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Does being a foodie make you healthier?

07/13/2015 03:55 EDT | Updated 07/13/2016 05:59 EDT
Scientists call them "food neophiles," and they seem to have a taste for anything under the sun, from artisanal doughnuts to kale salads.

New research into "foodies" who Instagram every meal and are up on the latest trends has found that those who treat food as a passionate hobby and are willing to eat anything are healthier than others.

A study by Brian Wansink, an expert on consumer behaviour and nutritional science at Cornell University, was published this month in the Obesity Journal and attempts to answer this question: Do foodies eat a healthier diet?

In the study, he focused on 501 test subjects and asked them a series of questions about their perceptions of novel foods, their level of willingness to try new things and their psychological characteristics.

"What we find is the typical person who is an adventurous eater, a person who will try anything, who experiments with all sorts of foods in general, they're not less healthy," said Wansink, who is also the author of Slim by Design, a book about the impact of design and eating choices, and has been an advisor to the White House on nutrition policy.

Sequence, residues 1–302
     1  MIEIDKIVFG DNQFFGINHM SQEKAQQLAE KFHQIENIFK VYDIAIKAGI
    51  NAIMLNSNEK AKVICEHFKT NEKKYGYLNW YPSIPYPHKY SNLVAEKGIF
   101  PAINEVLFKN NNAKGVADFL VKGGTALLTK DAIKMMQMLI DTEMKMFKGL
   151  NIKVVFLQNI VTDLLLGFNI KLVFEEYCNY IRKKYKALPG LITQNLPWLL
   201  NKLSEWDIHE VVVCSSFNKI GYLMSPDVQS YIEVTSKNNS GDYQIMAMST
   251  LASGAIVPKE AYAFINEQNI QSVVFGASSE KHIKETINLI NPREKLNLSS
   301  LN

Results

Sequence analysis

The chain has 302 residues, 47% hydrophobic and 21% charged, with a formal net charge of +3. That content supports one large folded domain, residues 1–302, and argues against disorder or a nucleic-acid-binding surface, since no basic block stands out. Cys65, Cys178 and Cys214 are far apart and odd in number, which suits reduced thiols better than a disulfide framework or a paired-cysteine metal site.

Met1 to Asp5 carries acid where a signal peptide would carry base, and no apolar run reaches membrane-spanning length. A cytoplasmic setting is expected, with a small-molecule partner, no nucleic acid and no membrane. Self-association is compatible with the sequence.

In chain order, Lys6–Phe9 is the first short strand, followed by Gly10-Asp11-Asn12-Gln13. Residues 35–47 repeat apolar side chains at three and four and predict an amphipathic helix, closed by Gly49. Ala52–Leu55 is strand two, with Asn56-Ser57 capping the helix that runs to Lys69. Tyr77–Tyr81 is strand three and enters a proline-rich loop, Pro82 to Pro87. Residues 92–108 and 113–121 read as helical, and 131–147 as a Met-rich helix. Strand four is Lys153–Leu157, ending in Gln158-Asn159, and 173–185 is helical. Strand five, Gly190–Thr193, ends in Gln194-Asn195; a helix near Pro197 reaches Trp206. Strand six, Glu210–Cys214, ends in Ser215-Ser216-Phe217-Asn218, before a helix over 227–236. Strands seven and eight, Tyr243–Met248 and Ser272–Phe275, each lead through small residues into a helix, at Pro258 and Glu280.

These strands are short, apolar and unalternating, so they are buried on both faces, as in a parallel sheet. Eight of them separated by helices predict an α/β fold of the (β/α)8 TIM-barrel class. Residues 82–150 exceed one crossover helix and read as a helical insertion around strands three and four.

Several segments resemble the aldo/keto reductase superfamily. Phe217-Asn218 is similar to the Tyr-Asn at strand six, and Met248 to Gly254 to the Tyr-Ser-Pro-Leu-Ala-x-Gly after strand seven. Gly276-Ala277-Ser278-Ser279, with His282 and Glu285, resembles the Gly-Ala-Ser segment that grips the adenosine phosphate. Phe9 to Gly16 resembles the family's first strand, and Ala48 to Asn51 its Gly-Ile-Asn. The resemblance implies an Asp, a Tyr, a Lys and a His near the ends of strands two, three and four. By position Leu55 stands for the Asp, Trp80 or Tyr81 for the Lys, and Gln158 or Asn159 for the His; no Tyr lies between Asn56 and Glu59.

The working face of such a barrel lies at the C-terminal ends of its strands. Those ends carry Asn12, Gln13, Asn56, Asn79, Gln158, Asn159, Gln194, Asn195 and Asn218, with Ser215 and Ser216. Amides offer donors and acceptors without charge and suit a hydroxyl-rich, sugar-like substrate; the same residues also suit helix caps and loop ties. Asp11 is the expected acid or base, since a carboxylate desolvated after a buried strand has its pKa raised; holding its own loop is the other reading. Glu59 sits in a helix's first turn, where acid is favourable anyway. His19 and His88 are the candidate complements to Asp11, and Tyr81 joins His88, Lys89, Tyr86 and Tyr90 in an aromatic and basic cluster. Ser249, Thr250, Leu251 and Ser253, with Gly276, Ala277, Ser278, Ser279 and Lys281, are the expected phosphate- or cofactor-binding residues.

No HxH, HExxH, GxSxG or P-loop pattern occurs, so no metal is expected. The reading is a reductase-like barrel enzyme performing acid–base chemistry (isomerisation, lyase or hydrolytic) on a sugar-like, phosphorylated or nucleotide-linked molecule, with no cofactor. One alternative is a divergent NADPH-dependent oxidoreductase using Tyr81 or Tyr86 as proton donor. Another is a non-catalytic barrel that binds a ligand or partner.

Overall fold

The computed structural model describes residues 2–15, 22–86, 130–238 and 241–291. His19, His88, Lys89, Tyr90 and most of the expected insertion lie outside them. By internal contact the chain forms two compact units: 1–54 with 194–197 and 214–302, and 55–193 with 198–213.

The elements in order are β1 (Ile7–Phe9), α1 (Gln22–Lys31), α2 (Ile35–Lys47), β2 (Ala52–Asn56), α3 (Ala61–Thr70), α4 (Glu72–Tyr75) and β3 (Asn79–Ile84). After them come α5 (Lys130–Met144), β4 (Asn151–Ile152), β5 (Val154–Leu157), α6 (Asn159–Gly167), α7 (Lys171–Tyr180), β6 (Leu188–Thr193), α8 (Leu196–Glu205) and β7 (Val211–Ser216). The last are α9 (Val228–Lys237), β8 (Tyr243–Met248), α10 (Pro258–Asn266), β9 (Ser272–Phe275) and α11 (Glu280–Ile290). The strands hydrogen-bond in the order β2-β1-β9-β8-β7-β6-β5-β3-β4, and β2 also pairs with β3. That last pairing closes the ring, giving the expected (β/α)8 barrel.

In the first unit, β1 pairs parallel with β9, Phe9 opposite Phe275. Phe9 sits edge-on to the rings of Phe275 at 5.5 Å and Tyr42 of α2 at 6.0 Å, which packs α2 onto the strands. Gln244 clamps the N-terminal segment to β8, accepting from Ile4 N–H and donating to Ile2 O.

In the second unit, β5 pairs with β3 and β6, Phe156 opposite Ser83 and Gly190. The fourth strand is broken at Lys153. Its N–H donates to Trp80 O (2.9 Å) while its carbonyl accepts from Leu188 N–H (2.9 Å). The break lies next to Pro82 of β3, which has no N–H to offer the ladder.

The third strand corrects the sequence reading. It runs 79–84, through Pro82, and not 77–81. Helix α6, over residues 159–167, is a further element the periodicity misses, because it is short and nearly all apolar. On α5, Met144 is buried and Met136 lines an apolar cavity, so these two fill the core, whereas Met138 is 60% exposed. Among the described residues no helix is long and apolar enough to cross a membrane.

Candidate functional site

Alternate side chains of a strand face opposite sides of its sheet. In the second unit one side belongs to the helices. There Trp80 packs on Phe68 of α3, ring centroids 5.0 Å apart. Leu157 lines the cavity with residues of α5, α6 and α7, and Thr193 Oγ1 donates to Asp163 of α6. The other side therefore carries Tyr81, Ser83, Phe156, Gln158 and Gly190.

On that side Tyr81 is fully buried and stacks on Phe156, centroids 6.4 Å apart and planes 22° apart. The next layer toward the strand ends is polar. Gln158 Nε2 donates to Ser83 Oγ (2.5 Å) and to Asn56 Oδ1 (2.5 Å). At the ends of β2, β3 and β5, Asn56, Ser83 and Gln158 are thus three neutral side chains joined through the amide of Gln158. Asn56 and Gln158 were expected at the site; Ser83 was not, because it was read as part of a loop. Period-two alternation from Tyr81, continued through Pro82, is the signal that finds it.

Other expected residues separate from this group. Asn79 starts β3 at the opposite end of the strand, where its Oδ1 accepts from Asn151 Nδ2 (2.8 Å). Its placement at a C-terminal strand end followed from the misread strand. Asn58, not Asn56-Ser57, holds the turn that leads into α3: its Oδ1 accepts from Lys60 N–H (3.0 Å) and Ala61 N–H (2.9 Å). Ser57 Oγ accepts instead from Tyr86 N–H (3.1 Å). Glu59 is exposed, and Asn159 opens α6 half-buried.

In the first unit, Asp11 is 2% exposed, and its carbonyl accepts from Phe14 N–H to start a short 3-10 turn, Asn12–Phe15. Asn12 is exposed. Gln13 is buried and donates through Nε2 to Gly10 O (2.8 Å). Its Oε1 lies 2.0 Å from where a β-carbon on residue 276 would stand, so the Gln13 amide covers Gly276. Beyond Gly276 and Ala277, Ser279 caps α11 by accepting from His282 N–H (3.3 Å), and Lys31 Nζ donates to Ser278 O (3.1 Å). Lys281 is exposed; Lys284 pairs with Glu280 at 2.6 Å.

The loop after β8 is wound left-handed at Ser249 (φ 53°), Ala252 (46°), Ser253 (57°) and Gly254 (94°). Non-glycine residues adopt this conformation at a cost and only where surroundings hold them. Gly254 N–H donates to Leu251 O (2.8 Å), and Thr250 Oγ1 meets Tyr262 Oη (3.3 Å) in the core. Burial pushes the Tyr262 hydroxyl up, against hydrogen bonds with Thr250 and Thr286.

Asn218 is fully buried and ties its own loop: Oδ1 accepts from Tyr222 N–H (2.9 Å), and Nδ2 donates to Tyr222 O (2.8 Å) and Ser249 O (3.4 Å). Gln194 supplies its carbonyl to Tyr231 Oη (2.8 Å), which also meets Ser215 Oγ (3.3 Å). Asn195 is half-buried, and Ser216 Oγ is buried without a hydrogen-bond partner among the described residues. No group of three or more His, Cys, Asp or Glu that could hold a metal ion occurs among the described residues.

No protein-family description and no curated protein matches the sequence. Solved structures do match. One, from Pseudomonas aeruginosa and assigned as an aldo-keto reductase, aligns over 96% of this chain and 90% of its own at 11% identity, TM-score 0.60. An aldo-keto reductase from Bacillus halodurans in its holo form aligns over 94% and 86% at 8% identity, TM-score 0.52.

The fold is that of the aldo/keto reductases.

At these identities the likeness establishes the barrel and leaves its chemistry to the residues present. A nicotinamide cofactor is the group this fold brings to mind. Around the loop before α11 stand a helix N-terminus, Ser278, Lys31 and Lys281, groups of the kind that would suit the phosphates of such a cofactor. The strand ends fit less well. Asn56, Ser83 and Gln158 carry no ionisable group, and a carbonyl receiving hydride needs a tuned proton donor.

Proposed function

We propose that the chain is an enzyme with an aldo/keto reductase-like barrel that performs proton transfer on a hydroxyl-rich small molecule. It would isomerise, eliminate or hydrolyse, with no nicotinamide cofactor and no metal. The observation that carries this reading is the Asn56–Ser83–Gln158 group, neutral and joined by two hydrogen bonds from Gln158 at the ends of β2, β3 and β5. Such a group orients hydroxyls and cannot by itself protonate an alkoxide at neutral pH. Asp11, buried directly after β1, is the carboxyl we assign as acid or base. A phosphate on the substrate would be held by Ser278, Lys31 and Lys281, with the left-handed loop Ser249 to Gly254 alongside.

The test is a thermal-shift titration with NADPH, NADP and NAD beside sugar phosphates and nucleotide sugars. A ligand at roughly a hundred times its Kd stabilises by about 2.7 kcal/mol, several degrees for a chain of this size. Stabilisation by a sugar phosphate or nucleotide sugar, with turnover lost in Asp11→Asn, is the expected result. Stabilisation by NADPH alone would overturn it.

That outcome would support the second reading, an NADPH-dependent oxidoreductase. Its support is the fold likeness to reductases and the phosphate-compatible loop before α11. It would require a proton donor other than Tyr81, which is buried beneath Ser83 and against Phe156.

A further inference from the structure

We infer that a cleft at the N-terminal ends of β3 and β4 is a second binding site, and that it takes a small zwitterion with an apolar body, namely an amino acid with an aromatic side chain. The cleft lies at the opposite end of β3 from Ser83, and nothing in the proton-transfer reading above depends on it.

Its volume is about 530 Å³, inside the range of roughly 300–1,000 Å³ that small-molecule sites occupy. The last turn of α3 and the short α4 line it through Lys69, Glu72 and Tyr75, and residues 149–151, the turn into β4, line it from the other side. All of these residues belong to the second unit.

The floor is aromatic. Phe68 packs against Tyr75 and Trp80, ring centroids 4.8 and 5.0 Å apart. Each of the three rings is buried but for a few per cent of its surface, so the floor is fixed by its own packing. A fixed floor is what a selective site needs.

"They are lighter and more healthy than the person who is restrictive in their diet, who is cutting things out or being picky about what they eat."

'Experiment with new things'

Wansink admitted he was a little bit surprised by those findings, and added that the common perception is that health-obsessed eaters, not foodies, tend to have better overall health.

But it turns out that the eaters who count calories, obsess over labels and follow strict rules and self-imposed dietary restrictions don't fare as well as the food neophiles.

"So what I try and encourage people to do is enjoy the food they do eat and maybe experiment with new things," Wansink said, "and in some ways become more mindful of the foods that are in front of them rather than dourly looking at something just by its nutrition content and calorie level."

Wansink said because no one had previously measured the health impacts of treating food as a passionate hobby, this kind of study is rare.

He added that more studies into adventurous eaters may change the way we introduce foods to fussy kids, or those who don't eat entire categories of food.

Wansink is encouraged that this research may help shift public messaging about nutrition from a rule-based system to one intended to encourage more passionate eaters — that is, people who take joy in new foods and experiences.

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